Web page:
Sales of toys in the U.S. rose 7.5% in the first half of the year, past last year’s mid-year and annual growth rates, according to global information company The NPD Group. The firm now estimates that the industry will grow 7%, or $1.4 billion, for the full year.
Outdoor and sports toy sales were the fastest-growing sub-category this year, with $1.7 billion in sales and with growth nearly doubling to 32% of total toy industry growth for the year to date.
Star Wars toy merchandise continues to have the force as the biggest contributor to the industry’s mid-year growth, with sales rising nearly 200% through June, according to NPD.
After slumping in recent years, toy sales are booming, and movie, internet, and television tie-ins are a big part of that. But consumers’ priority of spending money on experiences over stuff is also driving the growth, as outdoor toys dominate sales.
“I expect to see continued growth for the U.S. toy industry for the remainder of 2016 and, if it reaches 7% for year-end, that would be the fastest growth of the U.S. toy market since 1999,” NPD U.S. toys analyst Juli Lennett said in a statement. “Toys with movie tie-ins will continue to contribute to the increase, stemming from those released both in 2015 and 2016. Television, over-the-top and other content providers, like YouTube and social media, will also continue to drive growth.”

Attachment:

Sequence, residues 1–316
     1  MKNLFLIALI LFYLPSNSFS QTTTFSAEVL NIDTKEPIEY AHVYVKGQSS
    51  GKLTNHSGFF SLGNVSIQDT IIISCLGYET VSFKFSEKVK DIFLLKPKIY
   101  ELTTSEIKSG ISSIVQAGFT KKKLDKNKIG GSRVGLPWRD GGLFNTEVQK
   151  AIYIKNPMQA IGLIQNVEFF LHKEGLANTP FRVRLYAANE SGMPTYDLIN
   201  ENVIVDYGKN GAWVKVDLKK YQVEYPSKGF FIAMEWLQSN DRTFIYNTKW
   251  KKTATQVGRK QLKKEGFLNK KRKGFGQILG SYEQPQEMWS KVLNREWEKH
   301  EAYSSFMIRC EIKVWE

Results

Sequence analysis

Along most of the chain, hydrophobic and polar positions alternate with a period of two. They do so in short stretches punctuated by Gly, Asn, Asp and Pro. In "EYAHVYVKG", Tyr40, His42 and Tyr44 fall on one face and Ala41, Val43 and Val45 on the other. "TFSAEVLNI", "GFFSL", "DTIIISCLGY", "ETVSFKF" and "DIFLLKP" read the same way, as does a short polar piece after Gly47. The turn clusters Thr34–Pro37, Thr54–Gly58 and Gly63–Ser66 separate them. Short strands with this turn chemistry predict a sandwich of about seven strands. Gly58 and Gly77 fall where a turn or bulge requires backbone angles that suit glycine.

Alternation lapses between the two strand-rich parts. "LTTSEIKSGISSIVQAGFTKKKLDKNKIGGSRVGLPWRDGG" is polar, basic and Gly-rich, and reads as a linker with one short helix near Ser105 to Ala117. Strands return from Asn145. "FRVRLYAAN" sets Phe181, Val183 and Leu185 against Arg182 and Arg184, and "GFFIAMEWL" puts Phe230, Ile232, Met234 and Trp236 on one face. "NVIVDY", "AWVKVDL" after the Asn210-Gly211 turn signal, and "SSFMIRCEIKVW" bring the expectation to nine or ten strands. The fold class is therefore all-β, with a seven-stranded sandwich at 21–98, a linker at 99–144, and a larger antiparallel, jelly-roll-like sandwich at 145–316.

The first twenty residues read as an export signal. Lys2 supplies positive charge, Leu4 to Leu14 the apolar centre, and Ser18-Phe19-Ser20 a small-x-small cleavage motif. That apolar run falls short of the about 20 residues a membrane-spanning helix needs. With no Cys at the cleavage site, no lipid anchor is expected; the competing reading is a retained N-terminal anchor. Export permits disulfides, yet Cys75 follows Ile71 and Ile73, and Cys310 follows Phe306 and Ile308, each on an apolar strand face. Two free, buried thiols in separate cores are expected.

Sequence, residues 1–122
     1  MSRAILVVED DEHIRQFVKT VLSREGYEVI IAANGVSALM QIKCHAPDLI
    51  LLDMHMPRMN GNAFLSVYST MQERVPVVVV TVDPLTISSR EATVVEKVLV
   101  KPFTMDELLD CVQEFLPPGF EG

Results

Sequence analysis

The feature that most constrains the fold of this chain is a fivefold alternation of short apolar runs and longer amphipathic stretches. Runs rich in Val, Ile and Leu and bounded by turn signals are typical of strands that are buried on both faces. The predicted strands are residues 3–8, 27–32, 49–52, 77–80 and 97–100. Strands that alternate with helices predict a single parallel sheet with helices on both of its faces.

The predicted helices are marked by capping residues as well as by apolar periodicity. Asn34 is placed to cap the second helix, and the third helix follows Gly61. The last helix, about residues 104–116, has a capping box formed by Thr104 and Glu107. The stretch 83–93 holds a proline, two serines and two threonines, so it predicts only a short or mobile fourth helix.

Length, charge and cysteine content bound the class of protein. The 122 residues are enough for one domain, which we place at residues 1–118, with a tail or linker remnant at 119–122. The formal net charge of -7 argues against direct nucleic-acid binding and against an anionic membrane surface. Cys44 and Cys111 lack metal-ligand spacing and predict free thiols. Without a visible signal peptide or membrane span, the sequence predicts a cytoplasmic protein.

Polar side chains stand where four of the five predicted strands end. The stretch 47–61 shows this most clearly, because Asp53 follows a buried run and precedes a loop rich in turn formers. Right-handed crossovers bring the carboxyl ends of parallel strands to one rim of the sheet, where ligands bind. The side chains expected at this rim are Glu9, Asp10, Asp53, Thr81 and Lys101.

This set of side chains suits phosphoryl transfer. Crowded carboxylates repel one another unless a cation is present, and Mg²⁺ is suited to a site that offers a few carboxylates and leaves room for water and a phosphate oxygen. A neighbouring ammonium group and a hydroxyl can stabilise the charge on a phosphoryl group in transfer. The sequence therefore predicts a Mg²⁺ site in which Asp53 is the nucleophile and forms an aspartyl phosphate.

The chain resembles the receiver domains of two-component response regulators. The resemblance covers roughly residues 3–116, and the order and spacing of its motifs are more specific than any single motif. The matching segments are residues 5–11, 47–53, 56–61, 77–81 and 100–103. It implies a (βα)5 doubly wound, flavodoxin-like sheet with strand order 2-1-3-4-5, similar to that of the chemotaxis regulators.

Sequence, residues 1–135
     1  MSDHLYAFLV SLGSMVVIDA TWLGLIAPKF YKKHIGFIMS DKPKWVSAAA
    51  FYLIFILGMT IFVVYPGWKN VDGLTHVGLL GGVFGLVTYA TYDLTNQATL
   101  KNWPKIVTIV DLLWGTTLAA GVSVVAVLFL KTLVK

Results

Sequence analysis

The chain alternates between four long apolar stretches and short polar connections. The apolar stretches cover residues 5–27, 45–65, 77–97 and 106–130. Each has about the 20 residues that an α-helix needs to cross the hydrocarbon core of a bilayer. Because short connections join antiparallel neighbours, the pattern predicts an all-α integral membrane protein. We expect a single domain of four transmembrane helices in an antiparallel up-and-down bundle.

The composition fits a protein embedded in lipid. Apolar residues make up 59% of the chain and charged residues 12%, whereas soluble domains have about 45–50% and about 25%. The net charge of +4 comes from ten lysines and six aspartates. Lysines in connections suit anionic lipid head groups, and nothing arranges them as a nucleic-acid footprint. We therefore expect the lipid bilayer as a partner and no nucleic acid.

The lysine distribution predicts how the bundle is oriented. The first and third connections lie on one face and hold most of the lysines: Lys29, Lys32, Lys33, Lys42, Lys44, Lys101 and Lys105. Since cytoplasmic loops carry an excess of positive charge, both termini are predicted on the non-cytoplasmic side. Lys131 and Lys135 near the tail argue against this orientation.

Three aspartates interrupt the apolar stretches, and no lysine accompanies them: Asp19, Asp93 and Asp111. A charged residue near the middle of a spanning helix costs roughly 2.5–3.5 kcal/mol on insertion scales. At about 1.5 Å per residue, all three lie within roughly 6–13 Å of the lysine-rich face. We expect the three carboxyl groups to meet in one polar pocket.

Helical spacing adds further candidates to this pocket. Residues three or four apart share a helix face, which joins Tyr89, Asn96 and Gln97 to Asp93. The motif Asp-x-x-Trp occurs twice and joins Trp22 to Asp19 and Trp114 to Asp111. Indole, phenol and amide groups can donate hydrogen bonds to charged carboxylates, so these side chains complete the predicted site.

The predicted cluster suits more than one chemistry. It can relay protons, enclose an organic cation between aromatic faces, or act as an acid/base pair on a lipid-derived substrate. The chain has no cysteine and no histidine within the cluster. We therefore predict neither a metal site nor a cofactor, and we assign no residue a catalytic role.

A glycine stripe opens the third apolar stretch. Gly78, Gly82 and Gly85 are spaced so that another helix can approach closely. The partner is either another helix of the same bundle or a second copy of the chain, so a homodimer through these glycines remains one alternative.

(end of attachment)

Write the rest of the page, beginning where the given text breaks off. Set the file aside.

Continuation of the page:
Although last year saw the highly anticipated release of the latest Star Wars movie, sales for related toys could actually be even bigger this year, NPD found.
“Star Wars is already at $300 million for the year, compared to $700 million for all of 2015,” Lennett said. “With two-thirds of toy sales yet to come in 2016, Star Wars could be even bigger this year than last.”
The spike in outdoor toys is an example of millennials’ penchant for experiences over stuff spilling over into parenthood—a clue for toy retailers preparing for the holidays.
“I believe some of this explosion in Outdoor & Sports is a result of millennials seeking a healthier, outdoor lifestyle for their kids, as well as looking for more laugh-out-loud experiences with play, minus the rules and directions,” said Lennett. “I will be interested to see what new toys will help kids create this type of experience during the fall and winter months.”